Smoove: That was the greatest night of my life, the brothers Hypnotic.
Cid: Every artist wanted to be like Prince, because he ended up taking the labels to war and won. The only artist to this day, in history, any country anywhere who took the labels to war, and won, and still had a career. Our idol, man, or one of them. Shout out to Prince. And he knew we was independent, he liked that about us. In our own small way we took the labels to war, to maintain our identity. There’s a lot about us that rang with him.
To this day, music is still saving our life and raising our families. The other thing was that space is the place. This is a Sun Ra quote that our father expanded upon, meaning basically that everything that happens down here happens up in the heavens first, so to pay attention to the stars, the planets…
Either in the business, or from your father – what have been your greatest lessons?
Smoove: I got to say, a lot. Our father taught us so much with the greatest warmth. For me personally, being the youngest bro out of the band, patience. You gotta have patience not only in doing what we do, but in life or being in a position where you uncomfortable. It could be on stage with all the lights, where you’re uncomfortable. You have patience, and you believe in something greater than yourself. And always look in. Everything that you want in this life, in the world, is on the inside of you. You don’t have to search for it, you can just get to know yourself and you’ll figure out whatever problem it could be, anything, you just gotta spend time with yourself. A lot of these people are bright people, but if you lock them in a room by theyself they will go crazy because they never got the time to get to know who they are.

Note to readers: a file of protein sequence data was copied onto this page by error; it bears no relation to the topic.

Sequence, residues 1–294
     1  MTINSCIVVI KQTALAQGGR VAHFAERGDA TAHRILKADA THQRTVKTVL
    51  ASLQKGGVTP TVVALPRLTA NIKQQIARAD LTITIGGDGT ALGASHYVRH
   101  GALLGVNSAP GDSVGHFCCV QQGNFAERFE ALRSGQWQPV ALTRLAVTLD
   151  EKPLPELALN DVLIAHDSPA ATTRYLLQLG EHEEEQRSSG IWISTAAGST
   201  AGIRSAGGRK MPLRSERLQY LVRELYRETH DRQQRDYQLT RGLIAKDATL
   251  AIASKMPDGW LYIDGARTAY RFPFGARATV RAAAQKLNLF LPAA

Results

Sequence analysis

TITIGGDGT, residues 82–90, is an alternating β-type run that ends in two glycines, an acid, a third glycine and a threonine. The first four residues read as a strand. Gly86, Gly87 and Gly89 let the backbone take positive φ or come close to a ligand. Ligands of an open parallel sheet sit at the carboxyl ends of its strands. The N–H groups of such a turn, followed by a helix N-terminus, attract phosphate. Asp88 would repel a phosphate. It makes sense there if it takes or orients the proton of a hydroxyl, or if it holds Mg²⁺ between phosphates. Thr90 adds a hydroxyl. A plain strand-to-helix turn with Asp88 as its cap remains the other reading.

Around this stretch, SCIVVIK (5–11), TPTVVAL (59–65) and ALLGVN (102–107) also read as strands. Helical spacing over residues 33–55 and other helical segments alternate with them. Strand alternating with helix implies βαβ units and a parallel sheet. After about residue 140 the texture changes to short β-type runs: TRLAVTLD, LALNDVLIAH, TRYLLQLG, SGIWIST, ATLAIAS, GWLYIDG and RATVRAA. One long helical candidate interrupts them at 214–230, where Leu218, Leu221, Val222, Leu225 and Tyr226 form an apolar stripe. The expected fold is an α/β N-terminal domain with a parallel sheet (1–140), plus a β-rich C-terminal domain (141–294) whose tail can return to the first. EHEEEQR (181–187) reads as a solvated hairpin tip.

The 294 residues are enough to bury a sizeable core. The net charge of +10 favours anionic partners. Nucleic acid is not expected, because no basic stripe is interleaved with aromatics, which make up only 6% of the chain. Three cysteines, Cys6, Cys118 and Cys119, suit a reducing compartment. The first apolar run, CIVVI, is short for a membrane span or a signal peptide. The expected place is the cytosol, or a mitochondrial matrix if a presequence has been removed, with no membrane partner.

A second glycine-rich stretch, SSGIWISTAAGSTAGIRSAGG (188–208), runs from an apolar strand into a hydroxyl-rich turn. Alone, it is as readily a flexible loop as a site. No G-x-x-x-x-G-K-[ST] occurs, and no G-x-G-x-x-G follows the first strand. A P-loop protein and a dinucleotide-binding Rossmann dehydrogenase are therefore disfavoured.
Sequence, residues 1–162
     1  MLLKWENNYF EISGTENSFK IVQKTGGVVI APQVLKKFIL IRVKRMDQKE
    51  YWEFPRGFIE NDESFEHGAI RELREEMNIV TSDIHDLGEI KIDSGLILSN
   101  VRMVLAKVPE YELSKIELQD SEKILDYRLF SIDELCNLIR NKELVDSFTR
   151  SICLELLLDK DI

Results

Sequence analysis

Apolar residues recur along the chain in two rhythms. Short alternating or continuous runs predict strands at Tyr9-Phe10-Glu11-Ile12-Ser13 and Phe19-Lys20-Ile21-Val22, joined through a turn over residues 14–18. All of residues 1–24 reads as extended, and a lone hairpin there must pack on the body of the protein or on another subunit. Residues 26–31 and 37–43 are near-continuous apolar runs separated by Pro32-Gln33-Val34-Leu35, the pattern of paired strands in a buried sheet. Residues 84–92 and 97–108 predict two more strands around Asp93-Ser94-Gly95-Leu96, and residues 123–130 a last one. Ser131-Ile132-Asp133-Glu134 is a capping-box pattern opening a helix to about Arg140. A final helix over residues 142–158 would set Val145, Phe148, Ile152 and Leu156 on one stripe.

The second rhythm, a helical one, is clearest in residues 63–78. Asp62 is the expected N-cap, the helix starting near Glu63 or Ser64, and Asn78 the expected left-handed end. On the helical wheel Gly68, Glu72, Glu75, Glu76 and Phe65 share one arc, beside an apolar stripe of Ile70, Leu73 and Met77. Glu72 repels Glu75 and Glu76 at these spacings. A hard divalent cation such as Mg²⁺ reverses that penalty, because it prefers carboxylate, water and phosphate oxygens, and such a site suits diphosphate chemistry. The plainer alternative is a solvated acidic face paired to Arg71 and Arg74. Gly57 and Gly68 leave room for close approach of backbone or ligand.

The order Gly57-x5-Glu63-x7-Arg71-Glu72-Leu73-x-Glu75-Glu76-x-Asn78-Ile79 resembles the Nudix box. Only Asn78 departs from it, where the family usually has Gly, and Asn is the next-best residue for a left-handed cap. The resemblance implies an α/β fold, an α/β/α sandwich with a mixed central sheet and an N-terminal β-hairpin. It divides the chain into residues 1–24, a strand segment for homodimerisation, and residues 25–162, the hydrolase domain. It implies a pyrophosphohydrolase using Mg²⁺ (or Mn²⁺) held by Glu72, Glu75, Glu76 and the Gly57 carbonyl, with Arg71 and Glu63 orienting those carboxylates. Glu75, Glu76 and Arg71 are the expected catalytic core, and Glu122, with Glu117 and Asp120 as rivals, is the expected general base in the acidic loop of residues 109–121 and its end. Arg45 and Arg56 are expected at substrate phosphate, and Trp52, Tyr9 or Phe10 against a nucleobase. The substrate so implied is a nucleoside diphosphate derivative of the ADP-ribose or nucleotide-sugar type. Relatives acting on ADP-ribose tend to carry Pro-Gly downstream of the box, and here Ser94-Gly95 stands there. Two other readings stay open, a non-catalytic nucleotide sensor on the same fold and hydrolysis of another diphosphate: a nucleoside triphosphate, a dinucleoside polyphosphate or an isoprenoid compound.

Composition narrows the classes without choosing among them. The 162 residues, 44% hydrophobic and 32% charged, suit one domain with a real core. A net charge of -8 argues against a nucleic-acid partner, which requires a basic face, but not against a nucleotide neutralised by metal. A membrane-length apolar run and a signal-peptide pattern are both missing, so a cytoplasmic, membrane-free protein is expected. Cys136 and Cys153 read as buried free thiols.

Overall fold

Cid: Best lesson I got from my dad was that the music will solve problems. Literally, when we was kids we would have our lights turned off. He was like, we gonna go in this room, everybody get your instruments and we gonna mediate. We gonna pray the lights back on. I remember being a kid thinking ‘this is ridiculous, this is not about to make the lights come on’.
Smoove: It happened…
Cid: It actually happened, that evening. I mean, I don’t know if he went and paid it then made us pray, whatever.
Smoove: That sounds more reasonable.